Anyways, won’t be too much longer and I’ll have it finished. As promised, I’ll be sending you a set for your review for giving me the idea!


  6. I must say, this is such an awesome project! Looks like the project is really progressing and the final version is getting closer. I’m looking forward to holding the actual pieces in my hands and see how they fit in a case.

    I have a spare transparent Kickstarter Commodore 64C case that I might use for the project. Would be a shame not to show off the cool 3D prints on the indside, right? Will the 3D prints accommodate the rectangular power hole of the C64C case or is it made for the Breadbox only (circular hole)? And what about colors – are orange or green options?

    …cannot wait to get goin’ on my ‘C64 RaspberryPi 3D Print Mod’ mod…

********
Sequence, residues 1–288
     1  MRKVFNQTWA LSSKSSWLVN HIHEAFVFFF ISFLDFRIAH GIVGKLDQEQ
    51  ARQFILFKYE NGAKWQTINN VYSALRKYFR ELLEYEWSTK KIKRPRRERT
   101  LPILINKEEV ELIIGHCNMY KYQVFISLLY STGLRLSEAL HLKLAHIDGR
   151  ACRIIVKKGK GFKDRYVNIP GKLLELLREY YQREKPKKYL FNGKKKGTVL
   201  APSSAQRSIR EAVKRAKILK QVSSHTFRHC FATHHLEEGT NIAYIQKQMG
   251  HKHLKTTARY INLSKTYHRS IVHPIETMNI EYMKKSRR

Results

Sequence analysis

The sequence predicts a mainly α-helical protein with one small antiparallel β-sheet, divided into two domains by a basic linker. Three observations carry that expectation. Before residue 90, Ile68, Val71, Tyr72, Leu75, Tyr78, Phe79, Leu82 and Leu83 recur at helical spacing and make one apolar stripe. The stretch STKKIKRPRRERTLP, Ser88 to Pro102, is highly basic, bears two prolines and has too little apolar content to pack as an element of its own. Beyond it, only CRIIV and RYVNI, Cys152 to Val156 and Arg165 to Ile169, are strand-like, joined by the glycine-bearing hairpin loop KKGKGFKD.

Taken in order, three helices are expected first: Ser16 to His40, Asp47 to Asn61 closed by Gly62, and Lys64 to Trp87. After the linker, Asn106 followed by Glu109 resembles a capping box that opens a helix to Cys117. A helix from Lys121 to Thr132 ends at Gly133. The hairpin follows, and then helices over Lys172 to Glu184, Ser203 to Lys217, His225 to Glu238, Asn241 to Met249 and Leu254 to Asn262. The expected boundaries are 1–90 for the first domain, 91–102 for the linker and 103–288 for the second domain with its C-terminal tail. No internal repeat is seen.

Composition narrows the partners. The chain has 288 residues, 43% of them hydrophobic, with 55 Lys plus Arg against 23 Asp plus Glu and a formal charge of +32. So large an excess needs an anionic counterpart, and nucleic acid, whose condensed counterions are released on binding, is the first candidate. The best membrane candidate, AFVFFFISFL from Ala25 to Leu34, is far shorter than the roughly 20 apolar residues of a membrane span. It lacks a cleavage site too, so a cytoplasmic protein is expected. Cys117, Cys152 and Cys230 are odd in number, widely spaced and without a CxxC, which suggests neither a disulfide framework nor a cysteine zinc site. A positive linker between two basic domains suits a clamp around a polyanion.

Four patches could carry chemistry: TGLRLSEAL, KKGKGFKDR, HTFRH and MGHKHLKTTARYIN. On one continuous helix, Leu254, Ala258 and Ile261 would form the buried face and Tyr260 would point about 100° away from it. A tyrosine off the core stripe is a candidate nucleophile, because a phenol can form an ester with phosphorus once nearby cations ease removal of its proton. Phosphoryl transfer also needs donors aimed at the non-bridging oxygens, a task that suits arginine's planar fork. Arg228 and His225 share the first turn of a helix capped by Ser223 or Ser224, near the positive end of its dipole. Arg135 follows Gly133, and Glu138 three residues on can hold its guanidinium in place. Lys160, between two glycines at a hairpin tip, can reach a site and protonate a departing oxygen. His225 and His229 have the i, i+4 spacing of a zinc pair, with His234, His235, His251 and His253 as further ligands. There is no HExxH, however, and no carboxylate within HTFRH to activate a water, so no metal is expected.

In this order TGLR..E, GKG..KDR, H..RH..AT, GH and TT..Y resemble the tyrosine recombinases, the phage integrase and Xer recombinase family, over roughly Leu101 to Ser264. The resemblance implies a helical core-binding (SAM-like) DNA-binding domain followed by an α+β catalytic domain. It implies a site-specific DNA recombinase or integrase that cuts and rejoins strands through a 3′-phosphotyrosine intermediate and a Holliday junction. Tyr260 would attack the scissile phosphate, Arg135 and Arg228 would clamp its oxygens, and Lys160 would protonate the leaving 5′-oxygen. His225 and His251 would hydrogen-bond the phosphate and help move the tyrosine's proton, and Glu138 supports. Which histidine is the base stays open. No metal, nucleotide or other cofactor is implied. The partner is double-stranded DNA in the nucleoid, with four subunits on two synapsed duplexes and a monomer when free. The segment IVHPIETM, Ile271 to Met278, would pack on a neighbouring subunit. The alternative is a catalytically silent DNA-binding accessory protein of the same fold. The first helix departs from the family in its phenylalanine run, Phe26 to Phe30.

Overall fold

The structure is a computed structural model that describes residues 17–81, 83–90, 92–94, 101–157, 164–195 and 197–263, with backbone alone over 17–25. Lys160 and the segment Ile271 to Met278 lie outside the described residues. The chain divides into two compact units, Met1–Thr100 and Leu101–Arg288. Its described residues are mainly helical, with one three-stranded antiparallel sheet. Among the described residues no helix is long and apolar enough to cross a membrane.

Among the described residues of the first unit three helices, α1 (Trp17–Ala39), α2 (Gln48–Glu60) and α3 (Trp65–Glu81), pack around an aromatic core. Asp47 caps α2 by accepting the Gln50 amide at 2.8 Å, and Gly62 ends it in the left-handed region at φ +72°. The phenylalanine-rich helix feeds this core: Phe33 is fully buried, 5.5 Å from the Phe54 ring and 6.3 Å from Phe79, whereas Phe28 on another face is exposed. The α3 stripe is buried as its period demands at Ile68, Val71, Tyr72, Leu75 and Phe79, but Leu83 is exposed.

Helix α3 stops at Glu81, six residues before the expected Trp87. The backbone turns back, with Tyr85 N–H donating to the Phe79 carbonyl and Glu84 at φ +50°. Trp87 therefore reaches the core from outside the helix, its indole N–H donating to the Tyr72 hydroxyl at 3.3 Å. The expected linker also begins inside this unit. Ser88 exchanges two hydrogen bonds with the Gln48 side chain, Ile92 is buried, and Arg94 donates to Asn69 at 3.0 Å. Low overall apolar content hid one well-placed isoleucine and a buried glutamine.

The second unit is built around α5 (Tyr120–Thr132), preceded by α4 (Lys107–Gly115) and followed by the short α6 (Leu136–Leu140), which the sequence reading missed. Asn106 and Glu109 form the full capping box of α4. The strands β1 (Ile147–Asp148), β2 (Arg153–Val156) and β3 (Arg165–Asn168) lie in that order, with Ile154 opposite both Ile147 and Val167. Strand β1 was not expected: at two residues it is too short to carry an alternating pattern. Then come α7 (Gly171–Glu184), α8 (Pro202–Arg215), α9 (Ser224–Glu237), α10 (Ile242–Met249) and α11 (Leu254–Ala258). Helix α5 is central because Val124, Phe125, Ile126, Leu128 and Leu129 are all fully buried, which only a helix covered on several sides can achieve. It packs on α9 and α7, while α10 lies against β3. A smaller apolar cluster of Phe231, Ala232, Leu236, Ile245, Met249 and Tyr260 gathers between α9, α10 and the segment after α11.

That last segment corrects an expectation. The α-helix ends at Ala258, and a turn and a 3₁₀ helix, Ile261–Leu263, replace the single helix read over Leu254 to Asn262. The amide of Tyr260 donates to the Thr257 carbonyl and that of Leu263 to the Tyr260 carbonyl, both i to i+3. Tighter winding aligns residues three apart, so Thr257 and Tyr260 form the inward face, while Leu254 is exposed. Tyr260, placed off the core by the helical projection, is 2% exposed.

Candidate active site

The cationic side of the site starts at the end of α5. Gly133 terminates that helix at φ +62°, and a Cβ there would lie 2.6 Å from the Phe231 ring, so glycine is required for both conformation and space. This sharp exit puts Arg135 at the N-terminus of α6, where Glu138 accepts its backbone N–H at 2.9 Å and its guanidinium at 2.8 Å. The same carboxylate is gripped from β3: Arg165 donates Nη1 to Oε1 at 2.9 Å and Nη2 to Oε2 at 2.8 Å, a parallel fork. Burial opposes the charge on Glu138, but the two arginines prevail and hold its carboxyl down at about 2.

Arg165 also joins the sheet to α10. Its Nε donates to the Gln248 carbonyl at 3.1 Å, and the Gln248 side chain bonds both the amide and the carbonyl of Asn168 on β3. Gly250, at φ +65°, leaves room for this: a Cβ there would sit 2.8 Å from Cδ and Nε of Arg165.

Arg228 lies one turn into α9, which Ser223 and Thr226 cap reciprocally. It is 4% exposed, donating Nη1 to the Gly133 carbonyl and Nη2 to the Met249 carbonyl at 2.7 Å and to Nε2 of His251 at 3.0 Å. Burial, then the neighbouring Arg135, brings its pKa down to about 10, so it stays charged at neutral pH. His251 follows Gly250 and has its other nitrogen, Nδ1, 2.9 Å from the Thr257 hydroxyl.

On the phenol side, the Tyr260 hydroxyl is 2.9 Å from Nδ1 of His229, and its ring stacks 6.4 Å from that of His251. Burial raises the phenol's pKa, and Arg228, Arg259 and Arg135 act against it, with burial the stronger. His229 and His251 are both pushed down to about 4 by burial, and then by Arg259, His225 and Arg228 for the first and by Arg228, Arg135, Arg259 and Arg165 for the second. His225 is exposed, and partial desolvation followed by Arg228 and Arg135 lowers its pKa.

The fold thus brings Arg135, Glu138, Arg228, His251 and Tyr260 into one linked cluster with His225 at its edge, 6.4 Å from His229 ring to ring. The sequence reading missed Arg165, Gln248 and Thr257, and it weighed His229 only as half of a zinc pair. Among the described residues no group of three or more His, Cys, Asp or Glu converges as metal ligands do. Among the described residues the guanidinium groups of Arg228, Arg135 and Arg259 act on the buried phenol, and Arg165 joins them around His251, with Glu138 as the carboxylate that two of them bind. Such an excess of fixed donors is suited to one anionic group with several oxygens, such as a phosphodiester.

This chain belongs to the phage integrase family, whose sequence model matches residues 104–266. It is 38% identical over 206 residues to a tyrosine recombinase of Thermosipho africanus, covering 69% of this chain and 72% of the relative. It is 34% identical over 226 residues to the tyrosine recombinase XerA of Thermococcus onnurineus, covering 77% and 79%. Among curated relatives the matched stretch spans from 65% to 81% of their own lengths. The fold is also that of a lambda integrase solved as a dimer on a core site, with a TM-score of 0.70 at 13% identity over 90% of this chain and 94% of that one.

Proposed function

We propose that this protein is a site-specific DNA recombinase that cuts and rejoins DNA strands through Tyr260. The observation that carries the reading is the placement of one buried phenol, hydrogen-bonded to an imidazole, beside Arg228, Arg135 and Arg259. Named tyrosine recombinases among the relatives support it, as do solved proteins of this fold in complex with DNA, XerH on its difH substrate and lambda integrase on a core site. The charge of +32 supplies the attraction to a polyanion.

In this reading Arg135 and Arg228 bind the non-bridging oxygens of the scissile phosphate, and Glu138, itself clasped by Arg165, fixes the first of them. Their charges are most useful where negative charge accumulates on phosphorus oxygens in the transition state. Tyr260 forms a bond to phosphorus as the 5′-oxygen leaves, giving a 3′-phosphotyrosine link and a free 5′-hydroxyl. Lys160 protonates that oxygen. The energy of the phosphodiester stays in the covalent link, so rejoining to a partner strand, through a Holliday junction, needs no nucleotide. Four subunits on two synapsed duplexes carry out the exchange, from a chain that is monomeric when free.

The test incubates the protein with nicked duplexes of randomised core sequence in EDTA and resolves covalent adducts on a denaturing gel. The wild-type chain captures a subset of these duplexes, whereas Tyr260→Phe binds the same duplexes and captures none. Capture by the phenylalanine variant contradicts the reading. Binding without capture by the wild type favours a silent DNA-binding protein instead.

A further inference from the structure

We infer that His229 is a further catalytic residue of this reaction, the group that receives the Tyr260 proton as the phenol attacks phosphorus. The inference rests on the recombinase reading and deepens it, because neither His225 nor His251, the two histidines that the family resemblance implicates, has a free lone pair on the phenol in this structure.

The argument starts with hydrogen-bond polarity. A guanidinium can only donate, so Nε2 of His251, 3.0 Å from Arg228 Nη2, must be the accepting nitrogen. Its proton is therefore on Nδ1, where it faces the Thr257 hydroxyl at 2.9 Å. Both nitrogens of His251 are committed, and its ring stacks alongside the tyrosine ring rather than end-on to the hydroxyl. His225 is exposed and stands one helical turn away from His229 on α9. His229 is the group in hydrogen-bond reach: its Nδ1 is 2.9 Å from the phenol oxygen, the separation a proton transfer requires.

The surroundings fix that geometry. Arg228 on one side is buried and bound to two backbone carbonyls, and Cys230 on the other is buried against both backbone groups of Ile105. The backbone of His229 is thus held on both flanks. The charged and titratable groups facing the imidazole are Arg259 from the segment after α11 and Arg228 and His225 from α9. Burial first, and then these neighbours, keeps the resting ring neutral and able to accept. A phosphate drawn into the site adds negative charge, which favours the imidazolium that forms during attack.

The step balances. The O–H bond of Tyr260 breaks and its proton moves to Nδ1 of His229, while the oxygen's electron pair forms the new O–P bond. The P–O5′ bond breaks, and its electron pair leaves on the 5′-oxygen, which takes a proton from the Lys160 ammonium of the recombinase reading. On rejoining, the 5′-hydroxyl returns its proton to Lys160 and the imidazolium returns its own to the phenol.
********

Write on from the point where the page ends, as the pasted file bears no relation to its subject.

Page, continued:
7. The first version of the parts will only fit a breadbin. This is because the userport area is actually recessed into the bottom of the case in a breadbin. This precludes these parts from fitting into a 64c case.

    However, this is not the last version of this bracket set that I’ll be designing. The original gameplan (which I’m still on track with) was to design it around a breadbin case first, then modify the design to work in the 64c case and lastly modify it one more time to work in a VIC-20 case.

    As for colors, they’ll be available in pretty much any color. I’ll be able to produce them in black, white, red, yellow, green, blue, purple, orange, brown, silver or transparent. So anyone wanting them will really have a decent selection.

    Furthermore, I’ve come up with another alternative.

    It occurred to me that perhaps someone doesn’t want to buy a Keyrah, and wants to either develop their own solution or possibly use the C=key from Retro Innovations. So, the final part that I’m designing in this bracket set is a bracket for the right side of the case to cover the power/switch/joystick port opening. It will contain a mount to hold the C=key (or not) depending on what the builder wants to do.